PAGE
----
We have taken much longer over this review than previous Pro Tools reviews, partly because to really assess if the claims made by Avid are true you have to do extensive testing, most of this around the new Avid Audio Engine, which is central to the improved performance. What hasn’t helped in this research is the sparse information regarding how it really works and it has taken us some time and almost Columbo style “one more thing” tenacity to garner the information we needed. If you dig a little you can find a video from our friend Gill Gowing who does a good job of outlining the new features, but it would be nice not to have it hidden in a video called multiple times the processing. It would be good to see some articles, videos and indeed a manual section telling users how to get the best from these features.
In the absence of finding this information easily there are a few of things you need to know about the new AAE when comparing performance.
Firstly the dual buffer handles input and playback buffer sizes, so when you drop down your buffer size unless there is some kind of input such as an AUX or a channel in record/input monitoring then changing the buffer doesn’t utilise the low buffer setting but continues to play using the best possible playback buffer size. Of course that makes sense, one buffer (you can alter) for input and one you can’t for playback which is running at the higher rate, but if you want to run VI performance tests using this new dual buffer then you must have one of the aforementioned engaged.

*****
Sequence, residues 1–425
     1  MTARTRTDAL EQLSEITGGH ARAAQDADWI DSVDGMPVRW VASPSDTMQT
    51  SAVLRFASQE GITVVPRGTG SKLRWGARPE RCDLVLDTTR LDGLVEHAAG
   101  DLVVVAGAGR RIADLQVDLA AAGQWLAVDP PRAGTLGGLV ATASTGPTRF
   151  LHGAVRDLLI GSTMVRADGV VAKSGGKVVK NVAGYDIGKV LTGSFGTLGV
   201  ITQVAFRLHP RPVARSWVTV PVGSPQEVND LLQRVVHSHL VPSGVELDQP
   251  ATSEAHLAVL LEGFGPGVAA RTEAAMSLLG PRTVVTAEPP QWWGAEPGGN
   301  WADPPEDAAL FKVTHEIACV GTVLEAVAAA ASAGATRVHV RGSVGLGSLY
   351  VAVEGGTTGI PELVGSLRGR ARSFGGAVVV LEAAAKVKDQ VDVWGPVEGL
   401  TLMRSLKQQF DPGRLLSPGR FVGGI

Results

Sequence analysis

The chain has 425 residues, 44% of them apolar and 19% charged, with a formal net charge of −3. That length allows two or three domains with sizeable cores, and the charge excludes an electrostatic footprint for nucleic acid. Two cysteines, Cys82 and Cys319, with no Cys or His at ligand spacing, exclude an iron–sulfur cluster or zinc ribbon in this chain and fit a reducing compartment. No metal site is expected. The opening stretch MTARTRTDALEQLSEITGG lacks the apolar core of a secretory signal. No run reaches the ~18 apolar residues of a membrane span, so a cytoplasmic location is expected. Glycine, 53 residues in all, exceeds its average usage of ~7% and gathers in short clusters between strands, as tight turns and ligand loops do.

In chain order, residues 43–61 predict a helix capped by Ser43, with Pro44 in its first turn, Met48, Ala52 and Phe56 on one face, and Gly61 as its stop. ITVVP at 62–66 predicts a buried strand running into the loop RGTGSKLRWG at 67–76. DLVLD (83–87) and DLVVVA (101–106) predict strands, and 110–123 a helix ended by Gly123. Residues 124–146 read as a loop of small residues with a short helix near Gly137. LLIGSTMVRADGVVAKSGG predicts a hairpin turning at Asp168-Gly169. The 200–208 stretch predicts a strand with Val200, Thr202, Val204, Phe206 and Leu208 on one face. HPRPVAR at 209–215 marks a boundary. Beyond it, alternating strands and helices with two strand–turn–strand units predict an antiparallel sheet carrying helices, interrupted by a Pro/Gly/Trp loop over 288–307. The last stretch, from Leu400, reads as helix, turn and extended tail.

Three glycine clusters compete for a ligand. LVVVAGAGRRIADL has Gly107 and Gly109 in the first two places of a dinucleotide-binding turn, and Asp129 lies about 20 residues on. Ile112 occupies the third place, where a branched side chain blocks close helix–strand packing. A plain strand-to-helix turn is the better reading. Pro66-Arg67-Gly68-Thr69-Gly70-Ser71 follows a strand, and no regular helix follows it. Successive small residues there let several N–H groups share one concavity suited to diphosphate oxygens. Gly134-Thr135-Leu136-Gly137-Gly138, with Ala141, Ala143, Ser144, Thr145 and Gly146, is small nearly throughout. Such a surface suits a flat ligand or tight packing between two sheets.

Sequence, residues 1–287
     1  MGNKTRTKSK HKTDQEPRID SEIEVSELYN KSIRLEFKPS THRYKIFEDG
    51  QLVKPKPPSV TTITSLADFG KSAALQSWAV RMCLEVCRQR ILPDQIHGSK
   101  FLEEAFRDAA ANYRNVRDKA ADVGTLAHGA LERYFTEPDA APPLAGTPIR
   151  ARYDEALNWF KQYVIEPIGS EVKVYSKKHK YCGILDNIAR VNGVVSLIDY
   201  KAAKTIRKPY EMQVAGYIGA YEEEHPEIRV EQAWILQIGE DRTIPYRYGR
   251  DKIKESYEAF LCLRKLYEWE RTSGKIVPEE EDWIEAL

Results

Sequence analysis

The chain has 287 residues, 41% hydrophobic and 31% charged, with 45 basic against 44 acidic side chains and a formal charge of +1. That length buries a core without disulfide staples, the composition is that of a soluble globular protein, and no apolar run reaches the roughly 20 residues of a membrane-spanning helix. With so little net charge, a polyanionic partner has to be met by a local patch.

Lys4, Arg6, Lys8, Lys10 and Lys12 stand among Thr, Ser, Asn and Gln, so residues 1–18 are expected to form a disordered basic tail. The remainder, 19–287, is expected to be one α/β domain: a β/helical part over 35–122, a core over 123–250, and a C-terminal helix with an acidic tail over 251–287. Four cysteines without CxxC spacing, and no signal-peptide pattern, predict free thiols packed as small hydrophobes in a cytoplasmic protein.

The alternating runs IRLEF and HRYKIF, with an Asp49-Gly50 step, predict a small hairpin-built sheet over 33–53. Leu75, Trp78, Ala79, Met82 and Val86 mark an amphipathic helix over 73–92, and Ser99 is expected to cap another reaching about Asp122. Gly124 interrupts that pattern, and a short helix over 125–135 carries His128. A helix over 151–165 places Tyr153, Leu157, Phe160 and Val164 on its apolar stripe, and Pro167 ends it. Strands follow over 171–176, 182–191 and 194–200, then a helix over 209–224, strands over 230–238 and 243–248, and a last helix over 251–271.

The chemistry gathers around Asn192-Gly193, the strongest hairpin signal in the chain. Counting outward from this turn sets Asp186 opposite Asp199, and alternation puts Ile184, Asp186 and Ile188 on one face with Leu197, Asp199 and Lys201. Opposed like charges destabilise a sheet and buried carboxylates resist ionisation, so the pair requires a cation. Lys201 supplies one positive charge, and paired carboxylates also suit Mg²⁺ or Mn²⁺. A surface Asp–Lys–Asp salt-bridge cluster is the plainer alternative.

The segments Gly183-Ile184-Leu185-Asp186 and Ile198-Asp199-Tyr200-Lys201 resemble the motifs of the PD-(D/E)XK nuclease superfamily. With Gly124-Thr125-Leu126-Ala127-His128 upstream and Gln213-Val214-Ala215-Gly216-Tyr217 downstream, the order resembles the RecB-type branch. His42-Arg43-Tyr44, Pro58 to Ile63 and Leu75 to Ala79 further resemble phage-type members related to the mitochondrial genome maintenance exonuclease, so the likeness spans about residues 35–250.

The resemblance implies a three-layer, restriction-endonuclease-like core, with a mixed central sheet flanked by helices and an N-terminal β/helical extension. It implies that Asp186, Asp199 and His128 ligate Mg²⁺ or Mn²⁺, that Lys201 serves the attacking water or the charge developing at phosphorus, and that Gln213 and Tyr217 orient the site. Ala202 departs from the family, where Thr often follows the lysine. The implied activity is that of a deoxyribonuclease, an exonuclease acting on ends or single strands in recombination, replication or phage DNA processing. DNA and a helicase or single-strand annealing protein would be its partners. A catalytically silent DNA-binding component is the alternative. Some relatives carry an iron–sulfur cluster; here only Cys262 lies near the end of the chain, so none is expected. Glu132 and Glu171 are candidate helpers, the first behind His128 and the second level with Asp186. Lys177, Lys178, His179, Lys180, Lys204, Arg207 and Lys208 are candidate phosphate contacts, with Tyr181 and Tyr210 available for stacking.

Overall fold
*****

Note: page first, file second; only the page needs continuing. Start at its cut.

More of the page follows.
Secondly when changing buffer sizes you need to allow the AAE do some maths, normally about 5 seconds before pressing play or record. You can see it happening when changing buffer sizes or indeed adding plug-ins, open up the CPU usage meter and watch it shoot up for a few seconds and then drop right back down and settle. You can also see this if your have Dynamic Plug-in Processing engaged, which leads us to…
Thirdly, if you turn on the dynamic plug-in engine but have all your tracks running the whole length of your session without any edits then you may not see much change, if any. If however you have cuts across the timeline with blank space where nothing happens either as audio or MIDI then you should see a difference. On a personal note I must be a little OCD because I do like all my tracks consolidated and hate having it all smattered across the timeline, so this may take some getting used to.